It was a spectacular apology that David Cameron offered in
parliament for the deplorable state of affairs that was allowed to persist for
years at Stafford Hospital. As far as we know, the poor quality of care of a
hospital had never before been quite so intensively, media-frenziedly discussed
in any European parliament as it was in this case. The official apology of the
British Prime Minister was offered to victims, patients and families who had
been forced to fight long and hard in order to have their complaints heard. An
investigation under Robert Francis QC names the versatile reasons on 1,800
In first place it is the hospital management, but even more so the National Health Service (NHS) and the government officials involved that must now face up to the serious accusations. According to the BBC, the investigation assumes that the disgraceful standard of care of Stafford patients is by no means an isolated case. Its 290 recommendations therefore not only address the Stafford Hospital – they are also a summons to all hospitals, and in particular to the NHS as well as to official governmental authorities. Amongst others, Francis demands a sustainable change in the NHS’ organisational culture. We have an additional report on this subject in the inner sections and will try to let our British hospital colleagues have their say in the next edition of (E)Hospital.
As hospital managers we can all learn from these occurrences. First of all: Addressing the topic of abuse and neglect should not be limited to a single country, nor should we now be tempted to make sweeping generalisations about all hospitals. It cannot be ruled out that health systems in other European countries might also be forced to face accusations in a similar vein. On the other hand, it is also true that many hospitals still offer a superb quality of healthcare – even in light of ever decreasing budgets and impeding systemic conditions. It is part of the job of the EAHM to analyse this area of tension between predetermined frame works and capacity and, where necessary, to give out written warnings. This area is therefore also a focus of the lecture topics at the 24th EAHM congress in Luxembourg.
Furthermore, the EU Commissioner for Health should take particular care regarding the disclosure of quality characteristics within the EU guideline on cross-border healthcare. Luckily there were no patients of other EU member states among the ‘Stafford victims’. But what if there had been? Surely the European Court of Justice would have become involved in double quick time, questioning the national jurisdiction before European action.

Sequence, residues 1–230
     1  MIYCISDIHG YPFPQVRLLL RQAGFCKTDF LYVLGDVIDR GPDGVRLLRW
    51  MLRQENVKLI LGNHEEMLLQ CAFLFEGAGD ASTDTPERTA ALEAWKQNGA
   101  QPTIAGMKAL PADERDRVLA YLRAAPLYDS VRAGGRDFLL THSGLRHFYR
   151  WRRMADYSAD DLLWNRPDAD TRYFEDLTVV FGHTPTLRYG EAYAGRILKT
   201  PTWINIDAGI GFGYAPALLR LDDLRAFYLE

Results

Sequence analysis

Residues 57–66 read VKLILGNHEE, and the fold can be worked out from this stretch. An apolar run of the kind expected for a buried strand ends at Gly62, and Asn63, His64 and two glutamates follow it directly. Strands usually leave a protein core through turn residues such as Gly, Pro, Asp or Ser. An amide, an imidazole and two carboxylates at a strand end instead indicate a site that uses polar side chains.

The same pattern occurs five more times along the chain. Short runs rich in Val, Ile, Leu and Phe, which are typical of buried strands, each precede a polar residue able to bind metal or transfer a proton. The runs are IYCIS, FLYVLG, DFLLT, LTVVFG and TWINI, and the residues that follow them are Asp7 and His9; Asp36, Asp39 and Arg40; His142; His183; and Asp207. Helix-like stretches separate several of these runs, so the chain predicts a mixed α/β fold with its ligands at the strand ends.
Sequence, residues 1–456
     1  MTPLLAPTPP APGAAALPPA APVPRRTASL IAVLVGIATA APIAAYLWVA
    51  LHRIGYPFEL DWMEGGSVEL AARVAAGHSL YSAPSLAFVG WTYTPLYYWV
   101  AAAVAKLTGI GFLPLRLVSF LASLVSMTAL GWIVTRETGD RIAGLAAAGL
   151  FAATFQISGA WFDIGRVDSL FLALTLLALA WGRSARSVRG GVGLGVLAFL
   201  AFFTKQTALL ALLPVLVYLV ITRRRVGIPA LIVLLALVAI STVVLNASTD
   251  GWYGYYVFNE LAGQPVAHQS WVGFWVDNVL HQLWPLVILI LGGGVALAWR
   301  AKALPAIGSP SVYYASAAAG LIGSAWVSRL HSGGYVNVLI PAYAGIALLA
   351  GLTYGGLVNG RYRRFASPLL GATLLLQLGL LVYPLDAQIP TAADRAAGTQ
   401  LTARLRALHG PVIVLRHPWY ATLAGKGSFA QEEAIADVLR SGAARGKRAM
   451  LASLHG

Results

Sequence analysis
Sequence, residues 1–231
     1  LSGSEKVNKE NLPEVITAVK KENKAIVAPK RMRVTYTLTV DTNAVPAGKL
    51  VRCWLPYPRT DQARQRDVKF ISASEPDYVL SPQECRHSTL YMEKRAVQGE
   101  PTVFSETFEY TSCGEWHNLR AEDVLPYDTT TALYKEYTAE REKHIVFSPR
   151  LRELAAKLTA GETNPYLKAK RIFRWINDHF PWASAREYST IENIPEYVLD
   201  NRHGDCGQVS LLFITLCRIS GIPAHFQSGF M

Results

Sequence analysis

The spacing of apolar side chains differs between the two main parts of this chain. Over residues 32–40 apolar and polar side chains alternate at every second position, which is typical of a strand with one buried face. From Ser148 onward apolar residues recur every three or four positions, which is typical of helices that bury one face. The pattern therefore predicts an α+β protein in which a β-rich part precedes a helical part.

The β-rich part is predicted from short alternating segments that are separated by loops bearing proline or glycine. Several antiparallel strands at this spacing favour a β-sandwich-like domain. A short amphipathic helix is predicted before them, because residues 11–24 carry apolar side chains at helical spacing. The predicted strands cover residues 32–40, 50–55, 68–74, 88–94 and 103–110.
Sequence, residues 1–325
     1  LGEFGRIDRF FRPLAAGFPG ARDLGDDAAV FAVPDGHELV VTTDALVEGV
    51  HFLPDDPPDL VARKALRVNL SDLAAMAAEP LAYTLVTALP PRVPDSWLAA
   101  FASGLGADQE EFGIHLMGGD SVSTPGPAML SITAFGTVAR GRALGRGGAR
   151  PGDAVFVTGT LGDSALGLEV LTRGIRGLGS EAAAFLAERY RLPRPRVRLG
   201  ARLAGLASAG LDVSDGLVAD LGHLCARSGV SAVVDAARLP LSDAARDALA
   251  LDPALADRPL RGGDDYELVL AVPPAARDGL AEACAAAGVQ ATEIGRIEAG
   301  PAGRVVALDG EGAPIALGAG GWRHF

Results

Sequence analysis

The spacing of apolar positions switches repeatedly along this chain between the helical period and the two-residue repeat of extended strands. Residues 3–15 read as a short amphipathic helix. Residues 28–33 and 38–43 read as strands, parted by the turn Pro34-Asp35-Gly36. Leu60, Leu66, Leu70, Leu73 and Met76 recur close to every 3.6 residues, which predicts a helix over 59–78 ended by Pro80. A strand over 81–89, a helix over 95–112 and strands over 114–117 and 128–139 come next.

The guideline mentioned above can prevent this, if its legal requirements are processed in a timely fashion by the EU states and also by the partners in the health area. The subject of ‘quality’ has been at the top of the EAHM’s agenda for many years now. After our seminar in 2012 in Dusseldorf our advisory board on European Affairs compared the quality indicators in place in different countries, thereby providing important impetus for prevention. We will report on this topic as well, both in our journal and at our congresses.
Another lesson can be learned from the occurrences at Stafford Hospital. When searching for causes for the scandalous conditions and the allocation of responsibility it will most probably be inevitable to investigate not only the quality management but also the hospital’s public supply mandate, the job description as well as the powers of the hospital managers, and last but not least the management structure of the institution. As without these written responsibilities and structures investigated in practice the basic preconditions for patient-orientated and efficient dealings will be lacking. The EAHM and in particular our scientific subcommittee have been heeding these facts for years. The previous results produced by the advisory board, especially in light of the occurrences in Stafford, show once again how much we can learn from each other on EU level, in particular regarding the management of our health institutions. Part of this process is no doubt the critical self-appraisal of our working mode in hospitals and a comparison on European level, without pointing the finger of blame and incrimination against each other.
EAHM Secretary General